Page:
In 2020, the U.S. Supreme Court ruled in Bostock v. Clayton County that the Civil Rights Act of 1964, a law passed to guarantee the constitutional rights of black Americans, barred employers from discriminating on the basis of “gender identity.” A business that requires men to present as men at work, for example, will face discrimination claims if it bars a man from pretending to be a woman at work and using women’s private facilities.
This decision was handed down by a high court with six Republican-appointed justices. Chief Justice John Roberts, appointed by George W. Bush, and Justice Neil Gorsuch, appointed by Donald Trump, voted with Democrat-appointed justices in a case that leftist politicians will cite for years to come as they continue to push the homosexual agenda. In fact, Justice Gorsuch wrote the majority opinion.
Justices Clarence Thomas, Samuel Alito, and Brett Kavanaugh dissented. “The document that the Court releases is in the form of a judicial opinion interpreting a statute, but that is deceptive,” Justice Alito wrote. Sexual orientation and gender identity don’t appear on the Civil Right’s Acts list of classifications, and bills introduced in Congress to redefine “sex” have failed to pass. “A more brazen abuse of our authority to interpret statutes is hard to recall.”
President Joe Biden has cited this decision in his executive “transgender mandate” actions. For example, he issued “guidance” to schools to allow students to use opposite-sex restrooms and locker rooms if they “identify” as such. The mandate will lead to allowing men to share dorm rooms with women, for example. Who will stop it? Republicans in Congress don’t seem to have the will.
But Texas is leading the charge at the state level. Texas Attorney General Ken Paxton recently filed a lawsuit against the Equal Employment Opportunity Commission (EEOC) over its “transgender” June 15 Guidance. Texas contends that the guidance misstates federal law. The state also claims that EEOC chairman Charlotte Burrows didn’t have the authority to issue the guidance.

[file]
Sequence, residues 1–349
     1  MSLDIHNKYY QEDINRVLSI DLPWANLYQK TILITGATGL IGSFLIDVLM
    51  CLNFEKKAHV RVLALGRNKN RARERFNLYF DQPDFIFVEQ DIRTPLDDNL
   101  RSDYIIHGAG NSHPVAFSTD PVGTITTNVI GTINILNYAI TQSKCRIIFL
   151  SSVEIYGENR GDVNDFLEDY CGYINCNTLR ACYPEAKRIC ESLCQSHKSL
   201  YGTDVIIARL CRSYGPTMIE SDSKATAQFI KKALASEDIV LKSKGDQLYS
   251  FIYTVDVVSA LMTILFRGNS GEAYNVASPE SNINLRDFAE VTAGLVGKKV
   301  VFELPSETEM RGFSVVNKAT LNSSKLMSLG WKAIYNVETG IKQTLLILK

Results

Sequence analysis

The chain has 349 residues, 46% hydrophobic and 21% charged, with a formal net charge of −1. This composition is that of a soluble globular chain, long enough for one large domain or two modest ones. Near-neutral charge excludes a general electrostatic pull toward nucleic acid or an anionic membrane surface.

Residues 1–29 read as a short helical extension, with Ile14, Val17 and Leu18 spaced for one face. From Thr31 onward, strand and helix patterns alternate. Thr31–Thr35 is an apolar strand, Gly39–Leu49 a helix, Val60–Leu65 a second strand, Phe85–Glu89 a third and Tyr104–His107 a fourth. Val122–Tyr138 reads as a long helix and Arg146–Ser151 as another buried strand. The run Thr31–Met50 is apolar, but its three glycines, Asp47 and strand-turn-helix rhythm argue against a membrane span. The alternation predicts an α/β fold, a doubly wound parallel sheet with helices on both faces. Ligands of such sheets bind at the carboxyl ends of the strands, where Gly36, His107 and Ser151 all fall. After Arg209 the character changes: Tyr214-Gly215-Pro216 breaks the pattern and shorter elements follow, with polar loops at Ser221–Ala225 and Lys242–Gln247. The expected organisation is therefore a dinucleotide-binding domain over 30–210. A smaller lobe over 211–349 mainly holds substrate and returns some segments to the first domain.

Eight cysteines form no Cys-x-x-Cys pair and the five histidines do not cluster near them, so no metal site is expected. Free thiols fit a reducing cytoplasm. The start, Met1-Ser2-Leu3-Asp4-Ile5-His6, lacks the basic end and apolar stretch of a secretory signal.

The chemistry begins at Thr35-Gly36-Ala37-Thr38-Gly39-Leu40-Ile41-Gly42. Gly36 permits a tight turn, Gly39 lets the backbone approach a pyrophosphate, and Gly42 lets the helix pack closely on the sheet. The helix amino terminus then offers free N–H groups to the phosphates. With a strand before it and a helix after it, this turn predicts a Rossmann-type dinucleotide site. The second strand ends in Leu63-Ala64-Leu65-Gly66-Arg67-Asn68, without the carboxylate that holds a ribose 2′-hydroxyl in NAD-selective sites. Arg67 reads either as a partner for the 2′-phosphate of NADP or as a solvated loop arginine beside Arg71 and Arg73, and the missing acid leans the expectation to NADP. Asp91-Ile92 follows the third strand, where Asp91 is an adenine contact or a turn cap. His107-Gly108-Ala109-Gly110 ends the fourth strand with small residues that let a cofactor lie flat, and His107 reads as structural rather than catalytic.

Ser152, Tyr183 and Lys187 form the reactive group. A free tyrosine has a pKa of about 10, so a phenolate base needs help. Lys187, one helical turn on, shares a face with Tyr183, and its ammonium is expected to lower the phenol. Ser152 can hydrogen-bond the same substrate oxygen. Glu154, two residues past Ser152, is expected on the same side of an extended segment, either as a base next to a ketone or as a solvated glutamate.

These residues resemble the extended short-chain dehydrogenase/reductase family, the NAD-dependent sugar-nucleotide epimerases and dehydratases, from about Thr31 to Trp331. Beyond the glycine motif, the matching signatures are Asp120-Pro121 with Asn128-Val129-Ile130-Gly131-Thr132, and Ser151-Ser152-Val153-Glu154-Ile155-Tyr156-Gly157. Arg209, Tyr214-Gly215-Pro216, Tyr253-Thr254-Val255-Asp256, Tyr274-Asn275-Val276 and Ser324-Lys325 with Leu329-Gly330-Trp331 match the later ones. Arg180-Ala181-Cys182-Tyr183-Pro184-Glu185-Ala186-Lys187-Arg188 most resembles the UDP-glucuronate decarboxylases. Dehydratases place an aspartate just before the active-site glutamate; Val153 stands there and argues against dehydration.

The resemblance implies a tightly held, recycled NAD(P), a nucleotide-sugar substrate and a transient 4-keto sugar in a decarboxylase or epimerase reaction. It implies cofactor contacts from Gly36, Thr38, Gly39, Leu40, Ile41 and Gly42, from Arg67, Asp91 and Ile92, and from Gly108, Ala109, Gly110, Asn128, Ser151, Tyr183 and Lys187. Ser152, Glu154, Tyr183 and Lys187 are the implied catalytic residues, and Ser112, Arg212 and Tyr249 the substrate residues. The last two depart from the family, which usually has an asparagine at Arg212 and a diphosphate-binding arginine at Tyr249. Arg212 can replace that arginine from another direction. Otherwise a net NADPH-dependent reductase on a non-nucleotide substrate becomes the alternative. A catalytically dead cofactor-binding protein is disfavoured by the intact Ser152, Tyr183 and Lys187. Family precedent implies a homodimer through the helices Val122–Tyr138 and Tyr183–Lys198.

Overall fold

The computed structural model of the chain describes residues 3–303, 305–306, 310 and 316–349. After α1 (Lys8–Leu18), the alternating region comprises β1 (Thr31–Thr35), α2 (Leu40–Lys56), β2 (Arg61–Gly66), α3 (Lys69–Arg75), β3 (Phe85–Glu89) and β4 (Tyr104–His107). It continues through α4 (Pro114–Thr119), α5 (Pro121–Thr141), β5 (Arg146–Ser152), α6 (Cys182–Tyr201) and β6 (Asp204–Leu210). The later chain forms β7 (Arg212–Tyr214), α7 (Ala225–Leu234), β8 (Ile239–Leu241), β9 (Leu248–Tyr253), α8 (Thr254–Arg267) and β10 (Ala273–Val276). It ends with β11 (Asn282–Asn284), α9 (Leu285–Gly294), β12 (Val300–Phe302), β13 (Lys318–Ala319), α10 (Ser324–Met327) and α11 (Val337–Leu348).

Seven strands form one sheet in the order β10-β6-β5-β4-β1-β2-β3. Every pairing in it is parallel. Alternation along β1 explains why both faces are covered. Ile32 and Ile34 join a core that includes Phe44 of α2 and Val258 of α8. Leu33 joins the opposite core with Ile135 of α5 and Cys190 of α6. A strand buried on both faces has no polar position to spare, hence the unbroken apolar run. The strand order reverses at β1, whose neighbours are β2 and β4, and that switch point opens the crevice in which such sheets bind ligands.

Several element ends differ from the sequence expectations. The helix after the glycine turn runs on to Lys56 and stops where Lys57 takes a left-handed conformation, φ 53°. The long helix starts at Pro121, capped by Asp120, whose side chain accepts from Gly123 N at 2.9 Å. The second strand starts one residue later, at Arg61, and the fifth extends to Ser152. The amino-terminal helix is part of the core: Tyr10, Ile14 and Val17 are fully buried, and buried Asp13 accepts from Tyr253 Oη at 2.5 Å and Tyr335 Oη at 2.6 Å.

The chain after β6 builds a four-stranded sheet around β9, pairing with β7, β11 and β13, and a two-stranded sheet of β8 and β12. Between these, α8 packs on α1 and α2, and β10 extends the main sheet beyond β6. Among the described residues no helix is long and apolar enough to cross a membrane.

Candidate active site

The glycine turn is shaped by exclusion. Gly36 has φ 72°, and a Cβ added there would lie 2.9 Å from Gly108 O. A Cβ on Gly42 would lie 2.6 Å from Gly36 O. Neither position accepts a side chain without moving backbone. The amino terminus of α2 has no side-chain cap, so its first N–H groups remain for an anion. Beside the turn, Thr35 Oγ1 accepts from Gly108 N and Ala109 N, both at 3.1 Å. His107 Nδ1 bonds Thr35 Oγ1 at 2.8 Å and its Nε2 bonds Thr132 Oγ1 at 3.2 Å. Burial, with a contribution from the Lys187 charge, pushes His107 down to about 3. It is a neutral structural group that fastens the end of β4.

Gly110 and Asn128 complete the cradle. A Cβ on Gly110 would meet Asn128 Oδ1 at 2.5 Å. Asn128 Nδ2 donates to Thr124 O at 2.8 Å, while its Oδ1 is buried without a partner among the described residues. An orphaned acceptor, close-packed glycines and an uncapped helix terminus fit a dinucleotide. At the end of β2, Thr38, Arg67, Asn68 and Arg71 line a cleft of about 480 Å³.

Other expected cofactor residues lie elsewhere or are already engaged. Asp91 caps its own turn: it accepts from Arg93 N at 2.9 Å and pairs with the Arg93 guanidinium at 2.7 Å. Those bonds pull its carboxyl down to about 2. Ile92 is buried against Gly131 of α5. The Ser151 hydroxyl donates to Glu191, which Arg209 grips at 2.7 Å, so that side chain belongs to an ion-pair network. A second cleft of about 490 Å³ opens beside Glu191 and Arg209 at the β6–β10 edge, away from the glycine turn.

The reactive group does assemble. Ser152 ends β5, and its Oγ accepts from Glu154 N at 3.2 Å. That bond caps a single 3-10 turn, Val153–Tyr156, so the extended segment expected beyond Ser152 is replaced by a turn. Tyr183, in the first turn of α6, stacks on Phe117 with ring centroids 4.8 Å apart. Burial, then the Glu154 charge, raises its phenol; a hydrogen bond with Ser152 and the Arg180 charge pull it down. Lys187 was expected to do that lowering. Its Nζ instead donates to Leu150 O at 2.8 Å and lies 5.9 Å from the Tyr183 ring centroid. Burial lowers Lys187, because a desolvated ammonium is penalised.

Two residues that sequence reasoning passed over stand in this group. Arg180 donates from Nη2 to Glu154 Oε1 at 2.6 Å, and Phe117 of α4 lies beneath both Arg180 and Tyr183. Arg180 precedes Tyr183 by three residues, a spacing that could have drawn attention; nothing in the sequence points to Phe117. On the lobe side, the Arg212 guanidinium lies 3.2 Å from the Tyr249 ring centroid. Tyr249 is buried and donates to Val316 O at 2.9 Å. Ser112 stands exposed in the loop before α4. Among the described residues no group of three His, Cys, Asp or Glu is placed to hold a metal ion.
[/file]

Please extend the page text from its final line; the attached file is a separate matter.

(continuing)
“The June 15 Guidance makes several substantive changes including requirements that employers treat biological men as women—and biological women as men—when applying sex-specific policies or using sex-specific pronouns,” the complaint reads. The EEOC claimed that the guidance was based on Bostock and previous EEOC decisions as sources of authority. But the state says neither supports the June 15 Guidance.
Bostock is far narrower than the June 15 Guidance. Bostock explicitly disclaimed that it was deciding whether “sex-segregated bathrooms, locker rooms, and dress codes” would violate Title VII. Id. at 1753. Nor did the Court ever address the issue of pronouns…Bostock did not add new categories to those protected by Title VII; it applied existing rules covering discrimination on the basis of “sex”: “While Bostock held that Title VII protection based on sex classification includes an individual’s sexual orientation [or gender identity], it did not establish a new or otherwise separate protected class, but instead clarified the scope of sex classification.”
Texas also contends that the guidance wasn’t approved by a vote of the full Commission or published in the Federal Register.
“States should be able to choose protection of privacy for their employers over subjective views of gender, and this illegal guidance puts many women and children at risk,” Paxton said in a statement. “If the Biden Administration thinks they can force states to comply with their political agenda, my office will fight against their radical attempt at social change. These backdoor attempts to force businesses, including the State of Texas, to align with their beliefs is unacceptable.”
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